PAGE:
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Everything posted by IndyRob

  1. I don't like to say it, but I think you may be wrong. It's a different sort of heat - a dry-heat evaporating one. If you take meat from the fridge at 39 degrees F and put it in an oven at 400 F, it's going to take a long time for the middle to get to 150. In the meantime, the outside of the is going to get well beyond 150. You've just undone your sous vide. Instead, I think you need to forget about the 150 F internal goal. 130 should be fine for properly pasteurized (via sous vide), properly chilled meat. You're probably looking for some Maillard reaction, which is good, but do it as quickly as possible with high heat of some sort. Perhaps direct flame, a hot grill, or an oven set at 550.
  2. I think Thanksgiving is really becoming the dominant secular American holiday that allows people of all cultures, faiths and religions (or lack thereof) to celebrate roughly the same general sentiment. It's probably helped immensely by the fact that the holiday was declared long after the the original experience was lost. If we were to be true to the supposed history, we'd probably have to order some venison from the local Indian reservation, and make a variety of squash dishes. Or, if we were poor, we'd pile the table high with lobsters and complain that we weren't getting the good stuff.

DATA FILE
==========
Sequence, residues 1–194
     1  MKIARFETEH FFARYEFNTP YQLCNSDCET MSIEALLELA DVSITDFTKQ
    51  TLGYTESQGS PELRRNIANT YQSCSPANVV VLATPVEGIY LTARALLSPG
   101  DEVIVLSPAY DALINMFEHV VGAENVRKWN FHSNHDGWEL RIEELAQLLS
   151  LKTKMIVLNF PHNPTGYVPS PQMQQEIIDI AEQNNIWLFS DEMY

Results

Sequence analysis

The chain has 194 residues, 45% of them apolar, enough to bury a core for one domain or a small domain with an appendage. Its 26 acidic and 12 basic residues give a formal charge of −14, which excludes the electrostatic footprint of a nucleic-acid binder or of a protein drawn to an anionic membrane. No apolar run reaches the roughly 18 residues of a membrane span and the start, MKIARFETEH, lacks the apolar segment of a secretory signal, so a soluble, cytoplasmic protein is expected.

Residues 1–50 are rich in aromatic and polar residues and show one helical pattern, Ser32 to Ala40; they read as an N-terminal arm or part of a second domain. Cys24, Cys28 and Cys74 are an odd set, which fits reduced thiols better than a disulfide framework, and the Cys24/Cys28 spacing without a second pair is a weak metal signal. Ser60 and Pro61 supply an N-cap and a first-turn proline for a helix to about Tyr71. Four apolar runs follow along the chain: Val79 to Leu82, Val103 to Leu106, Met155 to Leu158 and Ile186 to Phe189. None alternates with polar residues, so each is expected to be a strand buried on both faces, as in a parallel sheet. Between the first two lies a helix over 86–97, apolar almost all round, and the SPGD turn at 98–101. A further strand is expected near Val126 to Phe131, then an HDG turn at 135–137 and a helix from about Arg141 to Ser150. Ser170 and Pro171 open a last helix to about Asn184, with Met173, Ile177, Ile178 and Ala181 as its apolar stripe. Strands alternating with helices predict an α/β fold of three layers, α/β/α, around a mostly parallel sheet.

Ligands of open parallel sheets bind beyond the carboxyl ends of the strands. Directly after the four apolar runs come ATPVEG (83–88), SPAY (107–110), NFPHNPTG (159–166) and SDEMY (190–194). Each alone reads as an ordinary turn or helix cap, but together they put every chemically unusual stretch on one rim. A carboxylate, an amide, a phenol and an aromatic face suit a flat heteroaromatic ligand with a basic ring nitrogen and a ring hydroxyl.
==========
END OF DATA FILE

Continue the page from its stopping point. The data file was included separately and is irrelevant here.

3. http://healthyeating.sfgate.com/much-sugar-mango-7628.html According to that link they (mangoes) have a lot of sucrose which, if I understand correctly, is plain ol' sugar. So it's probably properly labeled. I don't think I've ever seen an ingredient list on a potato, whether or not it's in a bag. Chunking and freezing shouldn't change much except for perception. Freezing and thawing could cause a separation of the inherent elements that causes a different experience. Of course, it could be totally fraudulent, but it would take a lot more to determine that.
  4. I think the All Stars season was successful because of this. But that list doesn't really seem like an All Star one. Let's hope it's not Top Chef: Retreads.
  5. I think he means it can heat water quickly, while using a lot of power. This means you don't need any expensive extra equipment, like, a tea kettle or something.
  6. A big pop is quite different from a boom in my mind. My best guess is that somehow some water got trapped inside some sort of fat packet. The fat was heated to well beyond the boiling point and then something allowed the water to be introduce to that heat quickly.
  7. The frost seems to have killed what was left of my Roma tomato plants so I plucked about 25 baby green tomatoes and brought them in. They range from grape-sized to nearly mature. Can I get seeds for next year from these? Any other uses?
  8. About a year ago we had a store called Market District open near us. They have *a lot* of store prepared items. But are also a mega mart. At the opening they had valet parking and golf carts in the parking lots to bring shoppers into the store from their packed parking lot. A couple of phrases I was continually muttering as I first explored the store were "Ooh, that's interesting... Wow, that's expensive..." Over and over again. The bloom seems to be off the rose now. Nonetheless, I think this semi-prepared segment will be a success. Salad bars have been a major profit center at supermarkets for some time. But we need smarter consumers to bring the prices down.